How to stop the ridiculousness for good

Like I mentioned, the traffic incident happened to me just a few weeks ago. I’m no expert at this, and I’m still working at how to accept reality as it happens in real time. There are times when I rock at this, and times when I suck.


Compared to a few years ago, I’ve come a long way. I can feel it in the peace of mind that I enjoy most of the time. (It’s delicious!)

I’ll summarize the “big picture” steps I’ve taken to make it happen. Here goes…

Step #1: Wake up!

Taking into consideration that we spend 24/7 inside our own brains, you’d think that we’d have a good grip on what happens inside our mind… Not so! Most of the time, we have no idea we’re even thinking. Our thoughts and emotions just kind of ramble on like a river that can’t be stopped.

But just because that’s how we’ve done things in the past doesn’t mean we have to keep doing it!

It’s time to wake up and start paying attention to what’s going on in your head and your heart. In the words of yogi Swami Kripalu:

“The highest spiritual practice is self observation with compassion.”

The easiest way to do this (especially if you’ve never really tried to be self-aware in the past) is to ask yourself why—all the time, about everything.

“Why am I reacting this way?”
“Why did I just say that?”
“Why does this bother me?”
“Why am I feeling nervous?”
“Why did I just remember that?”

You get the picture!

By asking yourself the reason behind what you do, say, feel, and think, you’ll start digging deeper into what you may have been hiding from in the past.

Step #2: Accept!

This may be the more difficult step. At least it is for me!

Sometimes, after we become more self-aware, we run into things we’re ashamed of or embarrassed by. A rite of passage, I’d say! But I love the concept that, no matter what we find hiding in our closets, we’re not stuck being the same person forever.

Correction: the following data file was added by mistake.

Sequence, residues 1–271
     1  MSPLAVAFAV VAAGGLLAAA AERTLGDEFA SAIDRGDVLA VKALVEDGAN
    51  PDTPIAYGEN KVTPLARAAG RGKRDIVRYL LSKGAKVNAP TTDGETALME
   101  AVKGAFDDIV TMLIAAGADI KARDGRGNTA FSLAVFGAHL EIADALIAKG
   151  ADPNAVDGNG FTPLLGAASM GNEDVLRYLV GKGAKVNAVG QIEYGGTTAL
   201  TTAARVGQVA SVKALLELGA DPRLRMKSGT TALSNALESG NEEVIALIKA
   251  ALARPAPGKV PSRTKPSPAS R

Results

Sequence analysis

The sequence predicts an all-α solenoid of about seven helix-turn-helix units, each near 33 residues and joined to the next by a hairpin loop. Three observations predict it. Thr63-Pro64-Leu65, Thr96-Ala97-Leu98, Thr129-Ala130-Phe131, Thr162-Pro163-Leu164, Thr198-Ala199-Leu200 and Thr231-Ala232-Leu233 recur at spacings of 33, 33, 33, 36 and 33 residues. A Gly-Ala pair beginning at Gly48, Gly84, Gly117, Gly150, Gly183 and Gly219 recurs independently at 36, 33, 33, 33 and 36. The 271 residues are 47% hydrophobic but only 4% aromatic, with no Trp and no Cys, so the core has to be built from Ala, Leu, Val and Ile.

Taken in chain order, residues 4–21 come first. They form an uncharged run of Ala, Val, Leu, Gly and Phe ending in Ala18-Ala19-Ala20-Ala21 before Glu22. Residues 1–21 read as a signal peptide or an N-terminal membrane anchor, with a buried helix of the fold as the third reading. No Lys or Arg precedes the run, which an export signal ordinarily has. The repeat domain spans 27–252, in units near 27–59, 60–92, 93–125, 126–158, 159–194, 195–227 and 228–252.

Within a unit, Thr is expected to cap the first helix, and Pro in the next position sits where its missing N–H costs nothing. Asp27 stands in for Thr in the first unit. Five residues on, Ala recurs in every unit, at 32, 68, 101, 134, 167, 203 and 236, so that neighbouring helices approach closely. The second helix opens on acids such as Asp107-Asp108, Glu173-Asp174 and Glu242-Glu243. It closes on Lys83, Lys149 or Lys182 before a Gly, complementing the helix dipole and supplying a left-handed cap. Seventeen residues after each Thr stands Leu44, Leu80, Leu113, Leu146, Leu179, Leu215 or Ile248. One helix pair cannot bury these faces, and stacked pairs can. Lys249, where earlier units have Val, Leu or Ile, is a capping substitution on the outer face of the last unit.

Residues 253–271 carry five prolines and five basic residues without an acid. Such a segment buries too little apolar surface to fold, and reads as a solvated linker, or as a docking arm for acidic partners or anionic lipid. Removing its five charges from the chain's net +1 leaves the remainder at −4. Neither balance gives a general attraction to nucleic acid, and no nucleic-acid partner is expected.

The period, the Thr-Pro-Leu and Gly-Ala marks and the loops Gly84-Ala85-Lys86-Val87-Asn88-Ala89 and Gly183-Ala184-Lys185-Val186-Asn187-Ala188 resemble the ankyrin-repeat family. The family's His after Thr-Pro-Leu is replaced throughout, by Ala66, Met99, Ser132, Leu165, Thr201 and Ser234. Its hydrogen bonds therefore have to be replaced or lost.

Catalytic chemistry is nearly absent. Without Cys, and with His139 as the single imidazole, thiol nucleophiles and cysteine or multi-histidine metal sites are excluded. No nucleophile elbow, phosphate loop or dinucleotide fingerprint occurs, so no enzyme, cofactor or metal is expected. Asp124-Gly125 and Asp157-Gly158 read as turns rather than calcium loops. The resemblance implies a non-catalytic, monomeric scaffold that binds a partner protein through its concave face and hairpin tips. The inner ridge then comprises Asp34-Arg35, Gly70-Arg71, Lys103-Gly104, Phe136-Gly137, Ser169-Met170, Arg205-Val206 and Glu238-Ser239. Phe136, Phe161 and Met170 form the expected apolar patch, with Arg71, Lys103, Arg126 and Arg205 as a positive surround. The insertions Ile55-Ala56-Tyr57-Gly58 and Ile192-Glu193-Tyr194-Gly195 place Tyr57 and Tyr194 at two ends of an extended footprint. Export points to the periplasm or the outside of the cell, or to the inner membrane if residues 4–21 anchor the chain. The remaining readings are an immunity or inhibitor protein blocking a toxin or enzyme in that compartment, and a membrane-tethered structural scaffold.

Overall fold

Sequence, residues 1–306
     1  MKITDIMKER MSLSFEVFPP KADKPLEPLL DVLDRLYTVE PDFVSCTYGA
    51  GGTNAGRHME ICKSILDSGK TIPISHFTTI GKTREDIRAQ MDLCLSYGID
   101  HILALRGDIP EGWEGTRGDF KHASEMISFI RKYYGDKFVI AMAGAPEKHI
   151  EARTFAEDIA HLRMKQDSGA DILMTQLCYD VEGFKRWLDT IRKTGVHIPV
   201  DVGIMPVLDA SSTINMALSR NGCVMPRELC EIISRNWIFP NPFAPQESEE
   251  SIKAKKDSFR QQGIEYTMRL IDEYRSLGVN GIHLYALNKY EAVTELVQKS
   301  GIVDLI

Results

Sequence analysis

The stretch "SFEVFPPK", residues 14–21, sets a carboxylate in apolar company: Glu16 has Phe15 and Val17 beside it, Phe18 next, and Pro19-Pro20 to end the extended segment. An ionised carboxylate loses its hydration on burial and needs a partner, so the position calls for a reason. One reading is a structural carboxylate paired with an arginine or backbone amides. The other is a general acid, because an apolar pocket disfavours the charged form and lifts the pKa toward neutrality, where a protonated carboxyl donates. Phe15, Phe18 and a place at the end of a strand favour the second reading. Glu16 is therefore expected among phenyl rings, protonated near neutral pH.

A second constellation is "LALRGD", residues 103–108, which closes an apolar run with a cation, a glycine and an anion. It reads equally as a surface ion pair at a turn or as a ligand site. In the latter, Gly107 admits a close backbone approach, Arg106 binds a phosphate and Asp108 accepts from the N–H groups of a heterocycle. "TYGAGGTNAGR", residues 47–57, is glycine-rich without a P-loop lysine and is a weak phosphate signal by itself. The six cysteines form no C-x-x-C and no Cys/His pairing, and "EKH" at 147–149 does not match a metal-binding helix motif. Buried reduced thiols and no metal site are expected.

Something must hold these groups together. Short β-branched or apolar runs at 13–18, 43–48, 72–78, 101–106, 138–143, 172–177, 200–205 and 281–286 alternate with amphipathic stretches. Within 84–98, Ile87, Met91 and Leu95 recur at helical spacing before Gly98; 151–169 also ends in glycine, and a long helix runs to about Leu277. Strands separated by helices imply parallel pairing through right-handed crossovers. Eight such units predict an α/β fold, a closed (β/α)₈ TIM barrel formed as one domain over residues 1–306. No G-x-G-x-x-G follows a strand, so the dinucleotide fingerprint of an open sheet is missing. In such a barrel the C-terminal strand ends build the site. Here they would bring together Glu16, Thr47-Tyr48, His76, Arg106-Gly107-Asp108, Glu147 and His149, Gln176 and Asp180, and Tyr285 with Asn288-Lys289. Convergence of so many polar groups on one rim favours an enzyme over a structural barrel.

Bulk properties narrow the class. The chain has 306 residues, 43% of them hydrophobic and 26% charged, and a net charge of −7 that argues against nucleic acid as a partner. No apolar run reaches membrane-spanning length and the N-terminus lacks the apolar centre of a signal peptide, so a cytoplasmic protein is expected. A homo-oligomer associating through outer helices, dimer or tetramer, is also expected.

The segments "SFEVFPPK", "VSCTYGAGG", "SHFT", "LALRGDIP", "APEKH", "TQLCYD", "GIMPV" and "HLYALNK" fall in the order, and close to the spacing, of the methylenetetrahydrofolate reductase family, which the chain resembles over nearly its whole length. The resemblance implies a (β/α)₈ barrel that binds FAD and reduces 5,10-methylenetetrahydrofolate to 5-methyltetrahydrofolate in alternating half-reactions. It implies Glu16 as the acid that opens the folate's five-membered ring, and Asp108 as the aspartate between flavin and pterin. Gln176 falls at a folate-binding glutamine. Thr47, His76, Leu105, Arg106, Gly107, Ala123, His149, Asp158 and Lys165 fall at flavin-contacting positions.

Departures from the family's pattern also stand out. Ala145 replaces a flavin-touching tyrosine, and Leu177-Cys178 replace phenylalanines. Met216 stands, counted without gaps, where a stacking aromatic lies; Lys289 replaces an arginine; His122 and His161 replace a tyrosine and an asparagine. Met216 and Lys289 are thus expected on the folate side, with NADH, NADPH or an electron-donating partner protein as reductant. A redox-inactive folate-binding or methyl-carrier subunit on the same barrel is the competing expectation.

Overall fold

That’s why I love this quote:

“The content of your character is your choice. Day by day, what you choose, what you think and what you do is who you become.” —Heraclitus

So, if it’s your choice, what are your options?

Once you’ve become aware of what’s going on inside you and what’s driving your reactions, it’s time to look around you and identify your best course of action. You have two options:

Accept what’s going on around you, or change it by taking action.

Honestly? That’s it. Our entire humanity could be improved if we agreed upon those two options. But, instead of those two, most of us focus on a false third option: resisting what’s going on by feeling stress / anxiety / depression / anger / etc. Pretty useless if you ask me!

Don’t waste your time resisting reality. Either roll with it or change it.

Follow these two steps, and the ridiculousness in your life will surely nosedive.

It won’t be easy, of course. I have many more traffic jams and rush hours to get through in my lifetime, but it’s up to me to face them with peace of mind.

I challenge you to do the same—traffic jam, or whatever other frustration you’re facing.